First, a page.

On the Greek Revolt

The grave of Alexandros Grigoropoulos.

The On the Greek Riots blog is a good source of news for this. A lot of people on the left are following these (now four) days of rioting in every major Greek city. And unlike the European political commentators of the center (who are equally obsessed with the events), the left are beginning to ask the question: Is this (still, just) rioting? Or is it a revolution of some sort.

The press talking heads, previously content with dramatic pictures and “those nutty Greeks” commentary, are now wringing their hands furiously over the spiraling violence. That the rioting is so widespread, and has gone on for so long, is clearly an indication — visible even to newspaper editors — that this is not merely a reaction by the community of this 15 year old Athens boy murdered by the police. This is “a revolt of a whole generation of young people”, and perhaps a revolution.

Maybe. But if a revolution, it’s probably not the one young Anarchist Alexandros Grigoropoulos would have wanted.

Greece’s conservative government, with a one vote majority in parliament, is what is teetering on the brink of collapse here, not capitalism. And the opposition, led by the nepotistic Social -Democratic PASOK, who ruled the nation for decades prior to the 2004 conservative victory, is itching to break the government. While the revolutionary left and the trade union movement would surely love to see the end of the current government, the re-introduction of the Papandreou clan back into power is likely not what they have in mind. But that may be one reason this violence continues. PASOK, while artfully condemning violence, has come out on the streets and is stoking the anger, with demonstrations, parliamentary maneuvering, and press hysteria, at this despicable (and all too common) police murder.

In reaction, the rest of the European press has been forced to admit that this is something large: almost 1968 large. There is in Greece today a generation of overeducated young people who reject the current authorities and have a lessened prospect of being lured back into mainstream culture by the promise of future career opportunities. But remember, 1968 failed. It failed, in part, because it never made the jump out of universities to regular working people. Student revolts can be suppressed, and students won’t be students forever. Maybe they won’t be integrated into the mainstream in the same numbers as previous generations, but their community is dismantled every four years and subsumed in the rest of us, who are hardly — even in Athens — on the brink of taking to the streets. Subcultures, like the Hippies in the sixties or the Back Bloc Anarchists so powerful in urban Greece today, can keep up that community consciousness. But if the rejection of capitalism never makes the jump from a subculture, this starts and ends in riots.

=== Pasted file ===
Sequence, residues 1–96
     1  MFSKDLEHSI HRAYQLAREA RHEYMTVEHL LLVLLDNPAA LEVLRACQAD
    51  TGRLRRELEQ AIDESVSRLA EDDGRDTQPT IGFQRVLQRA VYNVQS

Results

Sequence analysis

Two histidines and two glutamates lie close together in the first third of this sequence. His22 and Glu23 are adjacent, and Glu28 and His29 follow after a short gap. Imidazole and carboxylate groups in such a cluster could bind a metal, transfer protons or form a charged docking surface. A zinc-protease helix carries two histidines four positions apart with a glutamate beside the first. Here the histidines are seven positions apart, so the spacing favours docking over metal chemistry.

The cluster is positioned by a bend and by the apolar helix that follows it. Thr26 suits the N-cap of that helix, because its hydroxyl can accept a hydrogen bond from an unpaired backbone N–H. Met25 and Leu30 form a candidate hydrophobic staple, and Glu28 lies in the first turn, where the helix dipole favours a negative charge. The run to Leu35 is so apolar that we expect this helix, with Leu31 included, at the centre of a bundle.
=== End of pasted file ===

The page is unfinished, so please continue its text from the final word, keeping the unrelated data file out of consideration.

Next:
It takes everyone to make a revolution, and unless “normal” folks get on board, this will go nowhere. MAYBE that jump is happening, as a wide swath of the left (not just urban young Anarchists, despite what their comrades here tell you) is taking to the streets. If young working people are enough taken with the liberation and power of these moments of struggle, maybe they can start a contagion in unions and neighborhoods. But that is a long process, and no one should assume that the burning barricades in Greek cities were put there by the families that live and work in those neighborhoods. When those are the people building barricades, then this is not only a revolution, then the revolution has already happened.

Meanwhile, Anarchists in New York and elsewhere play up the current violence and revolutionary nature of some of those taking it to the police in Greece. I think we on the left have to be awfully clear eyed as to who this really helps. If this is a revolutionary moment — and I think that in one sense it is — it is the moment of PASOK and the institutionalised trades Unions to jimmy their way back into government. It is a parliamentary revolution of one faction of the centrist governing class against another, more ideologically neo-liberal, faction. PASOK and its allies will likely get new elections out of this, and they will likely win them. At which point the violence will be suppressed and the patronage system of the Papandreous will return to previous programming.

In my opinion that is not something worth dying for.

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